Author: InvisibleUser Team
Categories: Open-Source Software
The open-source community is amazing and makes software more secure. Millions of coders find backdoors and data collection mechanisms, so they do not make their way into the open-source programs we use every day. Never trust software if you cannot inspect the source code!
We will explain how the community keeps the integrity of open-source software in check and how you yourself can contribute to this. Later, we will talk about what motivates open-source programmers.
Programmers are always interested in learning new things. Open-source software allows them to read source code of a program and step by step understand how it works. This applies to beginners who are just starting out, as well as experienced developers. They might discover code that they did not even think was possible or appreciate how clever a certain problem was solved. It lets them see the program from the perspective of another programmer.
During the journey described above, programmers will often find critical issues, bugs or exploits that the creator of the software did not notice. The original programmer did that by accident and not intentionally, so they are happy if people point such things out to them.
Security issues and backdoors are impossible to hide when you have the source code available. Proprietary software can only be analysed by reverse engineering and observing what the program does. Therefore, proprietary software could be full of security bugs and intentional backdoors without anyone noticing, at least not immediately.
We have given the example of Skype stealing your Firefox passwords before. This should give you a rough idea of how dangerous it can be to use closed-source programs. The bug in Skype, or should we say eavesdropping by design, was only discovered after closely observing how the Skype app requested access to the directory of Firefox browser. That was the exact folder where hashed passwords are saved by Firefox. Microsoft of course does not tell you that on their website. What they are also trying to conceal are the numerous backdoors installed in Skype to allow easy access by law enforcement, wire-tapping and extracting chat protocols. We do not know how much more such malicious code is hidden in the closed-source code of software we use on a daily basis.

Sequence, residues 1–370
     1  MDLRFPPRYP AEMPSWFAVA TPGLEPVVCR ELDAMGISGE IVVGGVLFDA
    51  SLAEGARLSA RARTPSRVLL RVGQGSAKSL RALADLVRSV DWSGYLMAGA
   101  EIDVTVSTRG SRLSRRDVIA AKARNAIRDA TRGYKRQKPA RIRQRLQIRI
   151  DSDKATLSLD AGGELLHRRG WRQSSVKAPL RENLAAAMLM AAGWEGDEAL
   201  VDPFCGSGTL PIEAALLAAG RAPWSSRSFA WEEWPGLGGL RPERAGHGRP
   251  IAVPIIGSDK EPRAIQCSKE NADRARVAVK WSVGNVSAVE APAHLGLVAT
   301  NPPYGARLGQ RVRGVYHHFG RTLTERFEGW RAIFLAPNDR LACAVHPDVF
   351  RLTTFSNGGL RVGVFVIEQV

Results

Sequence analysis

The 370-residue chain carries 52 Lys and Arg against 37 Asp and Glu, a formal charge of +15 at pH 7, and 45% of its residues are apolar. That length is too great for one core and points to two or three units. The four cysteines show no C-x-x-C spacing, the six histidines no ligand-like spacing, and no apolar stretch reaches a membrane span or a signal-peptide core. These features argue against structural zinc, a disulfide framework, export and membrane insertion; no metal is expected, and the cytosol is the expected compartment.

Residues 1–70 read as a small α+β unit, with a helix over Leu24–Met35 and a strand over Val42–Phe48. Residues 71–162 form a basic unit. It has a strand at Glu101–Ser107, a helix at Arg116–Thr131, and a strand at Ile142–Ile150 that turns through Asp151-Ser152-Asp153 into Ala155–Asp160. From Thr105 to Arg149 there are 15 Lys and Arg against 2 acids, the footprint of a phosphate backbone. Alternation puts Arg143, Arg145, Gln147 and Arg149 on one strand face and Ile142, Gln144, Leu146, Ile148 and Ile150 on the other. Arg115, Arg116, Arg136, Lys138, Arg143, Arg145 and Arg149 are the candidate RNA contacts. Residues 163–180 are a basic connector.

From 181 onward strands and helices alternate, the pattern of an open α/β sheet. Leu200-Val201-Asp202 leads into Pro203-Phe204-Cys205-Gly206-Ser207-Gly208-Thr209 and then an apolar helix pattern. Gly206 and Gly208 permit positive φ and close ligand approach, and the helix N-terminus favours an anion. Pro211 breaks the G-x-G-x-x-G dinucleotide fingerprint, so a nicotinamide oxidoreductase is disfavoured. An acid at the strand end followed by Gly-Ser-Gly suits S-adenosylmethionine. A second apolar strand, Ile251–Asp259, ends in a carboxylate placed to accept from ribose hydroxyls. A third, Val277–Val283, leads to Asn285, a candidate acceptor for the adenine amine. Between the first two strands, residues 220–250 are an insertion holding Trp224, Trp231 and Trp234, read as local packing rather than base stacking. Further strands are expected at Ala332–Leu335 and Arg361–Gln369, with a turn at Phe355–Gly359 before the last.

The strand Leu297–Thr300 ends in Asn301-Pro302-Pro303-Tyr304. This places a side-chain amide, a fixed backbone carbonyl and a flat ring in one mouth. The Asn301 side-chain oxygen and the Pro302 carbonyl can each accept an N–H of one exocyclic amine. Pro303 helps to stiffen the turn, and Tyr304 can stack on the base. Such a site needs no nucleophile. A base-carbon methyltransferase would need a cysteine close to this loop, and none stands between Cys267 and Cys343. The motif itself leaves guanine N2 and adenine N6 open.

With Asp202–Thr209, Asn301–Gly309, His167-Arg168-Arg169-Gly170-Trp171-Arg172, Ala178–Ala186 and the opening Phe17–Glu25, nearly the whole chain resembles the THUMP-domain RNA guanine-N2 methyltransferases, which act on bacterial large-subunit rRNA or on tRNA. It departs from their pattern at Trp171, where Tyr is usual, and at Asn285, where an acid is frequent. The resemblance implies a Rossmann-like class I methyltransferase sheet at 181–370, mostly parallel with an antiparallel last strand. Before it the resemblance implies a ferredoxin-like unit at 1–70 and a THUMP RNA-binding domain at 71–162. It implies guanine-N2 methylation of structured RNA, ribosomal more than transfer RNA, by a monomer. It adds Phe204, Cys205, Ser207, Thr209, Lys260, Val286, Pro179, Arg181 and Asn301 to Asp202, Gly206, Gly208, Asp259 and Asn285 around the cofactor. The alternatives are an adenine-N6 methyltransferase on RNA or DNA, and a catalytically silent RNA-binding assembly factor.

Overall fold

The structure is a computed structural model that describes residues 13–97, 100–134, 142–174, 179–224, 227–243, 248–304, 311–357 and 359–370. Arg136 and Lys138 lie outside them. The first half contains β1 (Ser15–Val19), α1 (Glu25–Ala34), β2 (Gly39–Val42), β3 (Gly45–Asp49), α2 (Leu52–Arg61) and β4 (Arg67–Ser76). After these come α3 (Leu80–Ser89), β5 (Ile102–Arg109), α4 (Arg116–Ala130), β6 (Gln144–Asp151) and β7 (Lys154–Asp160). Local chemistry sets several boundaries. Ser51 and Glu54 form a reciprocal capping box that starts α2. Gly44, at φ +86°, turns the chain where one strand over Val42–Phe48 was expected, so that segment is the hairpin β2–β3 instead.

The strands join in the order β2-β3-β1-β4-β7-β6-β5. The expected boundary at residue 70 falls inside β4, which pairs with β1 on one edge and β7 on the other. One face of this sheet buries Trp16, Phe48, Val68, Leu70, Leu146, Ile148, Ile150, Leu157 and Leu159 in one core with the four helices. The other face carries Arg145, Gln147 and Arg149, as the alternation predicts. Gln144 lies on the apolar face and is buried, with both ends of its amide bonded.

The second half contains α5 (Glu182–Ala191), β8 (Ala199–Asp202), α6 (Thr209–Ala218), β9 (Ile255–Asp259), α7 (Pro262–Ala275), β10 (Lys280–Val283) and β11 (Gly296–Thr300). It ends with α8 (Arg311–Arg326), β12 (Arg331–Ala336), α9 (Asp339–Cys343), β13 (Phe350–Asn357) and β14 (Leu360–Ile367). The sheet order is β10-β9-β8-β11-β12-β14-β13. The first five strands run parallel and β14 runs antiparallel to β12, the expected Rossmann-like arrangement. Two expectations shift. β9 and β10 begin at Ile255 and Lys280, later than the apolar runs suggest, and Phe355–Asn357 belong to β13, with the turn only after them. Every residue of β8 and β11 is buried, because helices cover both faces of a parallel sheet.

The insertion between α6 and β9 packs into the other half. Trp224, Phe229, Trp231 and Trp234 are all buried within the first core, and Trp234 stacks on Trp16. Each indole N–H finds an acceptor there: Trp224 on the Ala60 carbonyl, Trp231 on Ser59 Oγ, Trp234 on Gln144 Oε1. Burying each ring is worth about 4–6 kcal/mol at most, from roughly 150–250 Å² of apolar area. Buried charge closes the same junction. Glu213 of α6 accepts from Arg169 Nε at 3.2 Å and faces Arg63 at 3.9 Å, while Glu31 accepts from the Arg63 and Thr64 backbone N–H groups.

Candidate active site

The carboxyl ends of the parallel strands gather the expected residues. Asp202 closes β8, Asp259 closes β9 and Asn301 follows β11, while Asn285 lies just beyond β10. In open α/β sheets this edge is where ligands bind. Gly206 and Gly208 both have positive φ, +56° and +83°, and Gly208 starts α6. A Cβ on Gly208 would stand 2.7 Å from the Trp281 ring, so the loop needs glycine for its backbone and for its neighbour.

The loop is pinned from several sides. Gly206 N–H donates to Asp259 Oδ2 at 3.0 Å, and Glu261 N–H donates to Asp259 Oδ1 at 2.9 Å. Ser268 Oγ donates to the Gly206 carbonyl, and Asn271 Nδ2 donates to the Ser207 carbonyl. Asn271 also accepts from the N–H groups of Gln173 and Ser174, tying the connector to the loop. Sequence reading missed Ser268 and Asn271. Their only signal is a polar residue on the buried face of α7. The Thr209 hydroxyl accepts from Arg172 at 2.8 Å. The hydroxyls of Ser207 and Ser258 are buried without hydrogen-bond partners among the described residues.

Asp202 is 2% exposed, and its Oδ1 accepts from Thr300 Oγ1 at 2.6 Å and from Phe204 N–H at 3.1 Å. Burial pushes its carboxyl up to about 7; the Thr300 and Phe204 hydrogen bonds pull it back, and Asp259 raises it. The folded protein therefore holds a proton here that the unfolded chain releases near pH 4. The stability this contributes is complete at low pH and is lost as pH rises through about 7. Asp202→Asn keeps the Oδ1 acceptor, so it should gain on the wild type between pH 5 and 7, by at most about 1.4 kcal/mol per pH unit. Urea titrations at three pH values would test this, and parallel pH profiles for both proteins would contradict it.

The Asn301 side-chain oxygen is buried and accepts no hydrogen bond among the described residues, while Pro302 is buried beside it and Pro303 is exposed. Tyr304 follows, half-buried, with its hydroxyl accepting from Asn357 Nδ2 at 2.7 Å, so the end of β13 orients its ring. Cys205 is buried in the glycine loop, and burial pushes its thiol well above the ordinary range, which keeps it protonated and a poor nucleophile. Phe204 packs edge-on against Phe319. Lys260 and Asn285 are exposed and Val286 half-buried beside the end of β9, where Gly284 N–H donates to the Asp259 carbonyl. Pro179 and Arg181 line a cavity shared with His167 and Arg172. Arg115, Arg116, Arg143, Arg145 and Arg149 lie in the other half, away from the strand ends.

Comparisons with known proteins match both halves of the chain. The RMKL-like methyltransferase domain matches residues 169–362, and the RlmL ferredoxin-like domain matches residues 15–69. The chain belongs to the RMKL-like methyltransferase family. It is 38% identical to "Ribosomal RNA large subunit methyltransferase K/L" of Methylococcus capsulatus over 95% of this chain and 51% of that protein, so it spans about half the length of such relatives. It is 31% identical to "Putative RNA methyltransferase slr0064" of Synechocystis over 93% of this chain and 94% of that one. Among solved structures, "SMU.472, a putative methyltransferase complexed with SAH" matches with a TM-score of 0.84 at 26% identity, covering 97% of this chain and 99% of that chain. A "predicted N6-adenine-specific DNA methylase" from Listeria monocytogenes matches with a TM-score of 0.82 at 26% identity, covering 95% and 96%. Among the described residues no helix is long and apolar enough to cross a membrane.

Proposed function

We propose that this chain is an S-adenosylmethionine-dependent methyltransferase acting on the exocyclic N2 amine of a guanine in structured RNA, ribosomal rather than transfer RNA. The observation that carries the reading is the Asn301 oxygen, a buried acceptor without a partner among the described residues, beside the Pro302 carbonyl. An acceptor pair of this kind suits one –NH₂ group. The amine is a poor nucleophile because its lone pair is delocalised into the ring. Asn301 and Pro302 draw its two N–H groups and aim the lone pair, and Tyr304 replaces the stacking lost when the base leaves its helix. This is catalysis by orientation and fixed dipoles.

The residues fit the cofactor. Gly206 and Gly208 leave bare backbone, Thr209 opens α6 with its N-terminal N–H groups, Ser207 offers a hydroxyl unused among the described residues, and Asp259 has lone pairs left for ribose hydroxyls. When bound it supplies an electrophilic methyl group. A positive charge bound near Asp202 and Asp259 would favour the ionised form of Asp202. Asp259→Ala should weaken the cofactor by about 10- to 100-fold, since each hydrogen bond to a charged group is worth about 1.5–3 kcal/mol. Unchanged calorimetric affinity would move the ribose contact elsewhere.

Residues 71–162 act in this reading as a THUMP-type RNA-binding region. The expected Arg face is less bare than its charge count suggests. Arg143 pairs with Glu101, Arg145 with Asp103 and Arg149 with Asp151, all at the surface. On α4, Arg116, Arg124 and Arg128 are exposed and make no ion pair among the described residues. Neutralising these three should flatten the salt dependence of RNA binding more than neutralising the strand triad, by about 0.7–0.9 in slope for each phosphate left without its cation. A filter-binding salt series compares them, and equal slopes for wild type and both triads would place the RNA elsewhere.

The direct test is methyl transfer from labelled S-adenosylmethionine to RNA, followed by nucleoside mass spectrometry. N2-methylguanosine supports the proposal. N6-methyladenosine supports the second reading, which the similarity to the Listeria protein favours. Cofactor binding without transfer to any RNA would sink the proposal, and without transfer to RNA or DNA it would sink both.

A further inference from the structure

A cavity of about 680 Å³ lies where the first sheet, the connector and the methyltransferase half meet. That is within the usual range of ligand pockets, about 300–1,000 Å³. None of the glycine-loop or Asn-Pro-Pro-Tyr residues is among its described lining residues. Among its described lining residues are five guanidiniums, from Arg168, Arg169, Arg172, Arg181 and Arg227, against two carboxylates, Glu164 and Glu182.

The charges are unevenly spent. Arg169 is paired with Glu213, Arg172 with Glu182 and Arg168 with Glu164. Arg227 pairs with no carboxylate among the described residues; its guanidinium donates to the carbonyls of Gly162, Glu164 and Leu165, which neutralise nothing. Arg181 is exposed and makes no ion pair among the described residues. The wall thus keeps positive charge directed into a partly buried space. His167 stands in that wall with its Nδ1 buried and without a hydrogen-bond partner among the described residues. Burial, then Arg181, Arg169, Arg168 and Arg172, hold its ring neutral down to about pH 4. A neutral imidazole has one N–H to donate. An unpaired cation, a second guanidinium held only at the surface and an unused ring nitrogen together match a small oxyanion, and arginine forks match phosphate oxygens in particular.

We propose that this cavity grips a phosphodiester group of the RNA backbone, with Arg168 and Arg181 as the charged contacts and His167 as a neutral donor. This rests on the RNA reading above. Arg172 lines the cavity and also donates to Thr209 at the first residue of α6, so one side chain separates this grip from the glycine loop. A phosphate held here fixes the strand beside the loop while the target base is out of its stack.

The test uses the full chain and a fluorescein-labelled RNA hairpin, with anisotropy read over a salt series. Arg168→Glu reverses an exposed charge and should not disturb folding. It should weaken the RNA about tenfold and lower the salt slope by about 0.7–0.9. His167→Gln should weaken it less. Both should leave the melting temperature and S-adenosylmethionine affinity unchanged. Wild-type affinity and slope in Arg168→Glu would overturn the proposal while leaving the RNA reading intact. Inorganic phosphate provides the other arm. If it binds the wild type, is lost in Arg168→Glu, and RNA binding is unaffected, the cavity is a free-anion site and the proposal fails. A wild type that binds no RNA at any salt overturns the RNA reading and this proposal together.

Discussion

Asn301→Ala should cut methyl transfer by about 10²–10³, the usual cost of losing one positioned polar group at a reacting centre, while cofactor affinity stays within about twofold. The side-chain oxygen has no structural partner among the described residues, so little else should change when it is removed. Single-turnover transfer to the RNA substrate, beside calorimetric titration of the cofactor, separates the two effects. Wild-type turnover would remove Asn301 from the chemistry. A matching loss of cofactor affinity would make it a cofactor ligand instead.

In open-source projects, we are free of such issues, most of the time. There are millions of programmers that analyse source code of open-source software in their free time and you can be sure that they would notice. If, for example, LibreOffice tried to steal your passwords or share personal data with companies, we would know that within hours by reading source code and the damage to the developer’s reputation would be enormous.
“Open-source software development literally forces software engineers to be absolutely honest and behave in an ethical manner.” — InvisibleUser
Open-source programmers are subject to public scrutiny, so if they applied any of the data collection, data interception, backdoors or ways for law enforcement to get in (like in Skype), the backlash from the community would be immense.
Instead of only reading the source code, advanced users can compile open-source software themselves. That means turning code into a program that runs on PC or mobile. You are thereby creating an executable. The version you build yourself can then be compared to the one the developer offers for download on their website. Even small details that do not match between the two versions would be obvious immediately.
Performing this task might seem difficult and unrealistic to you, but there are many coders out there that do such things on a daily basis. When thousands of professionals and hobbyist programmers compare the compiled code to the distributed version every day, we would know instantly if an open-source project secretly implemented a nasty backdoor. The developers would then feel the wrath of the free software community and go bankrupt within weeks.
We do not only want to talk about building software yourself. Instead, we encourage you to try it, at least once. There is so much to learn about code, compilers and software. Additionally, the world needs people that can perform the “backdoor check” described above. Only then, we can preserve the integrity of open-source software. Below, you will find a few official and unofficial resources that help you build the Firefox browser:
Learning how to build Firefox is the first step in becoming a Firefox dev. The Linux OS is especially great for this purpose, since it makes compiling easier. You should really learn the steps of building software that is not available for your Linux distro, but open-source. With these skills, you can create it directly from the code and do not have to wait for someone to package it. This increases the amount of available software for Linux.
In this section, we are going to explore why programmers give away their code. We will take a look at why they publish their hard work for free, instead of protecting it and what motivates coders to contribute to open-source projects.